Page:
Can Yemen Be Saved?
TRANSCEND MEMBERS, 24 Dec 2018
23 Dec 2018 – The people of Yemen have been experiencing devastating civil strife for several years. This ordeal was greatly intensive by a massive and sustained Saudi-led air attacks and other belligerent tactics that have targeted civilians, even hospitals. Several recent events hint at the possibility of restoring peace to the country, thereby averting the worst effects of a threatened mass famine, risks starvation for more than 75% of Yemen’s population of over 22 million. These developments pushing toward some kind of political compromise in Yemen include the dark cloud over Riyadh since the Khashoggi murder, the heightened concern of the UN and world public opinion, and the spillover from possible US disengagement in view of the sudden withdrawal of troops from Syria. We should be fully aware that Washington has been complicit and supportive of this criminally unlawful Saudi war policy, including its flagrant crimes against humanity, throughout the conflict, the struggle for control of Yemen being defined in sectarian and anti-Iranian terms. The shift in domestic mood was recently disclosed when the US Senate has expressed opposition to any continued funding for the Yemen War. Whether this followed up in 2019 by a strong effort to achieve US disengagement from the conflict remains to be seen.
This post consists of modified responses to an interview by Javad Heirania published on December 18, 2018 in the Tehran Times.
Q 1: Stockholm talks in Sweden led to a cease-fire agreement in Al Hudaydah and other agreements. What do you think about these agreements?
The atmosphere relating to Yemen is not conducive to sustaining agreements if past experience is taken into account. There are apparently various rogue militia factions supporting the government side that might be motivated to disrupt the agreement, and there already have been some worrisome incidents along these lines.
At the same time, from a humanitarian perspective, it is crucial to uphold even this partial mitigation of the suffering of the Yemenpeople. The opening of the port cities of Al Hudaydah and Sanaa, both covered by the Stockholm Agreement, handle up to 80% of humanitarian imports of food and medicine. At this point, according to the most reliable international sources, 17.8 million Yemenis out of a population of 22.2 million are on the brink of starvation. The UN has fortunately supported a peacekeeping mission to maintain compliance with the Stockholm Agreement.
Q2: Will this agreement lead to an agreement on the Sana’a airport and brings an end to this horrible war?
It is difficult to predict with any confidence any development with respect to Yemen, but if the Stockholm Agreement holds up, then there is an expectation that the same humanitarian arguments and needed minimal cooperative outlook would lead to the reopening of the Sana Airport in the very near future.
Q3: What made the countries involved in the Yemen war come to the negotiating table?
Again, it is difficult to offer any confident interpretation. We all know that governments in situations of this kind do not reveal in public disclosure the real basis of their behavior. It is likely that on the Saudi side, especially in the aftermath of the Khashoggi murder there appeared to be a serious Saudi concern relating to being blamed for another major humanitarian catastrophe if the Yemeni ports remained closed. For similar reasons, Washington may have exerted pressure to negotiate at this point with the central aim of reducing regional tensions. Such speculation gains credibility when account is taken of the recent U.S. Senate anti-Trump move to oppose further funding and involvement in the Yemen War, which while not binding without endorsement by the House of Representatives, which is unlikely until the Democrats take control in 2019.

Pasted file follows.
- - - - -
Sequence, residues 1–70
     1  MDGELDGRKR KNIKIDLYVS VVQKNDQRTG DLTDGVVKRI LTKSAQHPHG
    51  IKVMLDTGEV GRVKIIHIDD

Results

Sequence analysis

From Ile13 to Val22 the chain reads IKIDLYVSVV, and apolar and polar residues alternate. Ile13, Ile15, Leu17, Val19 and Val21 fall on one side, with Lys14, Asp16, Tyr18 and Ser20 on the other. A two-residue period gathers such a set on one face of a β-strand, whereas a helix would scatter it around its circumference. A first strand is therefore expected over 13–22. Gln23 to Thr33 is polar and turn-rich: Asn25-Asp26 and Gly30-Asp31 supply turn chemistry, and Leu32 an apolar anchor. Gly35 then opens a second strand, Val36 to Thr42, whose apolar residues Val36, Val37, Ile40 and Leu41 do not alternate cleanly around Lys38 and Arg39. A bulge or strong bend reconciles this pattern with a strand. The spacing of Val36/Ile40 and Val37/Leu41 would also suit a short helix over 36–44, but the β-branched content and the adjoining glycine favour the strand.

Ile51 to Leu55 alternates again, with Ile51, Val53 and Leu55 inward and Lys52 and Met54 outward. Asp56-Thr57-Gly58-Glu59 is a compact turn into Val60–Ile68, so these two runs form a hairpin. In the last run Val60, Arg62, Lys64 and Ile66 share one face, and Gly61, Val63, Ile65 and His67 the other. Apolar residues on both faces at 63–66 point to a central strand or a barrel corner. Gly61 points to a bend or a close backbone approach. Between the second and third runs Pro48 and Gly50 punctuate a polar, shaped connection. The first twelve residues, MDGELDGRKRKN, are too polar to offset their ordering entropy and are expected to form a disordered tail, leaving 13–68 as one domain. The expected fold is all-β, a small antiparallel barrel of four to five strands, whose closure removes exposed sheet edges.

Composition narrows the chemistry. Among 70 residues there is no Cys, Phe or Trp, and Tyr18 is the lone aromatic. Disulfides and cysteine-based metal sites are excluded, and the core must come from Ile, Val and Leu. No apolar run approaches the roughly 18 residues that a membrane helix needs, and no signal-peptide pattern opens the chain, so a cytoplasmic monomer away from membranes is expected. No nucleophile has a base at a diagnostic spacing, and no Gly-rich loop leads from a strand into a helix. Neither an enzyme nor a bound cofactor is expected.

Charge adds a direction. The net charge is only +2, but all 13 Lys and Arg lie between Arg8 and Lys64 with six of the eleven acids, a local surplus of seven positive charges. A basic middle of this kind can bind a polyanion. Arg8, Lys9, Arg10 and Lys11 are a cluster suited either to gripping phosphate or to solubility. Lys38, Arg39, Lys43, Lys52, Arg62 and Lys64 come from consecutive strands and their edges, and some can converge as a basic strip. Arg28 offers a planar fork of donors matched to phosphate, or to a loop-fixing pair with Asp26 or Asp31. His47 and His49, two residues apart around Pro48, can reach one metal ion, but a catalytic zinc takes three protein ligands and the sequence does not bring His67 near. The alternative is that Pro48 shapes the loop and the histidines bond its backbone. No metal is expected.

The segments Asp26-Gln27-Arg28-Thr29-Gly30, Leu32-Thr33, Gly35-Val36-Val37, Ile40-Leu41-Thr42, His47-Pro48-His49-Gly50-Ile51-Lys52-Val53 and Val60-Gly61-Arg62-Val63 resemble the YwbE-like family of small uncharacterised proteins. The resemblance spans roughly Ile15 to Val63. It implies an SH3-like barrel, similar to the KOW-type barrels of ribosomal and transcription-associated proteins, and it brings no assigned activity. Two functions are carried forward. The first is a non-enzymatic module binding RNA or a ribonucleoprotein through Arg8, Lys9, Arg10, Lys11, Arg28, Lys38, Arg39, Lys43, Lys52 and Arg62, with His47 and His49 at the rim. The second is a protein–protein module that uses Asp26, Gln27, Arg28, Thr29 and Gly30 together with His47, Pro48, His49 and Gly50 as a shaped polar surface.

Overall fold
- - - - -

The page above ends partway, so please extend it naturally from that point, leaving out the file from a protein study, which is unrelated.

Q4: Regarding repeated war crimes of the Saudi coalition in Yemen, will the United Nations and the International Criminal Court review this matter?
The answer here depends on the political context, and whether the war can be brought to a rapid end by diplomacy. If this is done there may be considerable pressure on the various interested parties to refrain from any initiative that would raise tensions, induce mutual recriminations, and worst of all, could lead to a resumption of hostilities. The answer to your question may also be linked indirectly to whether war crimes allegations are brought before the UN and ICC with respect to the Syrian War, especially in relation to the serious criminal policies and practices attributed to the Assad regime over the entire combat period stretching back to 2011.
Richard Falk is a member of the TRANSCEND Network, an international relations scholar, professor emeritus of international law at Princeton University, author, co-author or editor of 40 books, and a speaker and activist on world affairs. In 2008, the United Nations Human Rights Council (UNHRC) appointed Falk to a six-year term as a United Nations Special Rapporteur on “the situation of human rights in the Palestinian territories occupied since 1967.” Since 2002 he has lived in Santa Barbara, California, and taught at the local campus of the University of California in Global and International Studies, and since 2005 chaired the Board of the Nuclear Age Peace Foundation. His most recent book is Achieving Human Rights (2009).
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